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An offer in compromise is just one of the remedies for solving your IRS tax issues. With an offer in compromise you offer according to your current financial, health and future earnings potential. An OIC can take time to complete and all data must be current. Also the Internal Revenue Service can take up to 6 months or more to approve, deny, request additional documents or make a counter offer. Don't plan on getting in trouble with the IRS again or they can undo your offer even after you have paid it in full. Click on more details to see more on the Offer in Compromise tax help Program.

If you need IRS TAX HELP Contact us today @

888-231-1100 (toll free)



July 10th 2009 - IRS will cancel or put on hold all collections for taxpayers that are experiencing economic hardship. This IRS Tax Help and relief is available now. Interest and penalties will still apply however your paychecks and bank accounts will be safe. The tax form to apply for this is 433a. You can do this for free on your own or call us for help with your particular tax situation.

July 11th 2009 - Remember to document all discussions with the IRS by asking for the name and ID number of employee of the taxing agency. I suggest a log titled "IRS tax journal" or similar.

July 26th 2009 - An offer in compromise does not mean that you have to come up with all the money to pay at once. An offer in compromise cam include a proposal to pay monthly installments payments over time. IRS help is always available at Leslie and Associates, Inc. and since tax help is our specialty you can be confiden that the job will be accomplished.

August 20th 2009 -

Offer in Compromise Facts

All Taxpayers Do Not Qualify for an Offer in Compromise

Absent special circumstances, if you have the ability to fully pay your tax liability in a lump sum or via an installment agreement, an offer in compromise will not be accepted.

Offer in Compromise Payments are Non-refundable

The IRS considers the 20 percent payment for a lump sum offer and any periodic payments as “payments on tax” and are not refundable, regardless of whether the offer is declared not-processable or is later returned, withdrawn, rejected or terminated by the IRS.

Federal Tax Liens are Not Released

If there is a Notice of Federal Tax Lien on record prior to acceptance of the offer, the lien is not released until the OIC terms are satisfied or until the liability is paid, whichever comes first.  A Notice of Federal Tax Lien may be filed during the course of the OIC investigation.

Payments May be Designated

You may designate in writing how the IRS should apply payments made with the filing of the offer and while an offer is under investigation. Without a written designation, payments will be applied to the tax liability and in the government’s best interest. The $150 application fee cannot be designated, but is applied to the tax liability and in the government’s best interest.


The IRS will keep any refund, including interest due, because of an overpayment of any tax or other liability, for tax periods extending through the calendar year the IRS accepts the OIC.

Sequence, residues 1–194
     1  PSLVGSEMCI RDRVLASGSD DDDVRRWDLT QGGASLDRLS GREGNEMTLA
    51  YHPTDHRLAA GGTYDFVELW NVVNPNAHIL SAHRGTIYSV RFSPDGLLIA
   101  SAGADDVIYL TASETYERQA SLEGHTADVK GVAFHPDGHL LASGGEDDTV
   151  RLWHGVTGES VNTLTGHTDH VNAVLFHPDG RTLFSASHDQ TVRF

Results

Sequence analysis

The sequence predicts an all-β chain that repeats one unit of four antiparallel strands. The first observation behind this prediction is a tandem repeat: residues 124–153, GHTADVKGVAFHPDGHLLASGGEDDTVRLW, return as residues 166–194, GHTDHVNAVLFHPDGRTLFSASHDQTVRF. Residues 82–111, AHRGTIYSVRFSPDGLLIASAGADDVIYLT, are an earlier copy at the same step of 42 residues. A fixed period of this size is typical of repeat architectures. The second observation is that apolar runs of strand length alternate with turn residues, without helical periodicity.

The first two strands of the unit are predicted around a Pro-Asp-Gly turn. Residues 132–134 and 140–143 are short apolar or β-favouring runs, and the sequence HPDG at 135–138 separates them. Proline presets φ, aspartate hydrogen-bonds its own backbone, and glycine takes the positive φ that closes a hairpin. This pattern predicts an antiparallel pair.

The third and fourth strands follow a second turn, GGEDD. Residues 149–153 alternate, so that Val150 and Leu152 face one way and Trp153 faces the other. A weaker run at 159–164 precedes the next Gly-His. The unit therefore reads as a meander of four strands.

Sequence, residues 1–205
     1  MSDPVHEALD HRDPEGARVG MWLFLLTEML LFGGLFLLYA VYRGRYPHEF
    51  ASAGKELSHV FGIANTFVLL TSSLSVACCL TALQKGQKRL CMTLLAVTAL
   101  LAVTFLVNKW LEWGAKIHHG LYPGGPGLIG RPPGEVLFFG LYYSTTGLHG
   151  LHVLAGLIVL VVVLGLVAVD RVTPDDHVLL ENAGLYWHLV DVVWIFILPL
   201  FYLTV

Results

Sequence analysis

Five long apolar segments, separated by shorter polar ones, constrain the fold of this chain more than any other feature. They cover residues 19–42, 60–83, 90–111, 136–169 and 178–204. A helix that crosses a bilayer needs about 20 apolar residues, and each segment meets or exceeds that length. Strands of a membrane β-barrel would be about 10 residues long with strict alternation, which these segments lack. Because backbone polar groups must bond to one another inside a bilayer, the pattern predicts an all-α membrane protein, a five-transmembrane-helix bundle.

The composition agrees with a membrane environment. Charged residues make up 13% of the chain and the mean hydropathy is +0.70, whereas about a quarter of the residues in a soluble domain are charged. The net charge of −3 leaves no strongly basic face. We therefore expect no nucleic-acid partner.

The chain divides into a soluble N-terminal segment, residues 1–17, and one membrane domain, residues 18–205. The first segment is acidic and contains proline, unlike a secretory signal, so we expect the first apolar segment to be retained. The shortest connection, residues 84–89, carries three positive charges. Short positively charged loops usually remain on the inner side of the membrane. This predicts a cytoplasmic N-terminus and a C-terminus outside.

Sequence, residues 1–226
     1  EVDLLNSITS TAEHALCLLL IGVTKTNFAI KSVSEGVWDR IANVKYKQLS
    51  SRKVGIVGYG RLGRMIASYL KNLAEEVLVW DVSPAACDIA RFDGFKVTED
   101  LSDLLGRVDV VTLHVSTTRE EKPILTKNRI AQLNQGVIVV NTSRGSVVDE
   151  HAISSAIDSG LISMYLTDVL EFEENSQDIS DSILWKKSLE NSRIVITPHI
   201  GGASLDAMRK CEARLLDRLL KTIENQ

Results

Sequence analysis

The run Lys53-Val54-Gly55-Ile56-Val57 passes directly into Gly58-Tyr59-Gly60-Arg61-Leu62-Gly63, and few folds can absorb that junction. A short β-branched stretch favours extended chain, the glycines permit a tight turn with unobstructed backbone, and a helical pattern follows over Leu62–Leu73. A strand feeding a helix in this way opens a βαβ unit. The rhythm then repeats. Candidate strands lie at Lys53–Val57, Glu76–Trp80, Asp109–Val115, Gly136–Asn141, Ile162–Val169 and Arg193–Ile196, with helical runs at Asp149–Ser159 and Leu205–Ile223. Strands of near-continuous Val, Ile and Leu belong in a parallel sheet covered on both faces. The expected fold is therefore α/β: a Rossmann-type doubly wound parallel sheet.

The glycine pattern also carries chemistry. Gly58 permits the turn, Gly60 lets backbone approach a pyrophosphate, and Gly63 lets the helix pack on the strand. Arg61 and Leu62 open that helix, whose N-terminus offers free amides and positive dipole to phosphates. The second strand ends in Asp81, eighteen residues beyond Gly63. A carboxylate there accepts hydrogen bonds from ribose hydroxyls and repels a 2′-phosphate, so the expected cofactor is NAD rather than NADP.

Exception: Offers submitted under the basis of doubt as to liability.


The IRS will keep all payments and credits made, received or applied to the total original tax liability before the OIC was submitted.  The IRS may also keep any proceeds from a levy that was served prior to the submission of an OIC, but which were not received at the time the OIC was submitted.

Statutory Period for Collection Suspended

The statutory period for collection is suspended during the period that the OIC is under consideration (pending) and is further suspended if the OIC is rejected by the IRS and you appeal the rejection.

Five Year Compliance

If your offer is accepted, you must timely file all tax returns and timely pay all tax for five years or until the offered amount is paid in full, whichever period is longer.  Failure to adhere to these terms will result in default of the offer and the IRS may then collect the amounts originally owed plus penalties and interest.

OIC Payment and Application Fee Exceptions

If you qualify for a low-income exception waiver or you submit a doubt as to liability offer you are exempt from the $150 application fee and any OIC payments due upon submission of the OIC or during the course of the investigation. The low income waiver does not apply to businesses.


If your OIC is rejected, you will have the opportunity to file an appeal which will be heard by the IRS Office of Appeals.  There are no appeal rights associated with offers that are returned, withdrawn or terminated.

Approved Installment Agreement

If you have an approved installment agreement and submit a periodic payment offer, you are not required to continue to make the installment agreement payments while the offer is being investigated.  You will, however, be required to make the OIC periodic payments as they become due.

Mandatory Acceptance

Per IRC 7122(f), the IRS will deem an offer “accepted” if it is not withdrawn, returned or rejected within 24 months of the IRS receipt date. If a liability included in the offer amount is disputed in any judicial proceeding, that time period is omitted from calculating the 24-month time frame.

Public Inspection Files

The law requires the IRS to make certain information from accepted Offers in Compromise available for public inspection and review. These public inspection file locations are located in designated IRS Area Offices.


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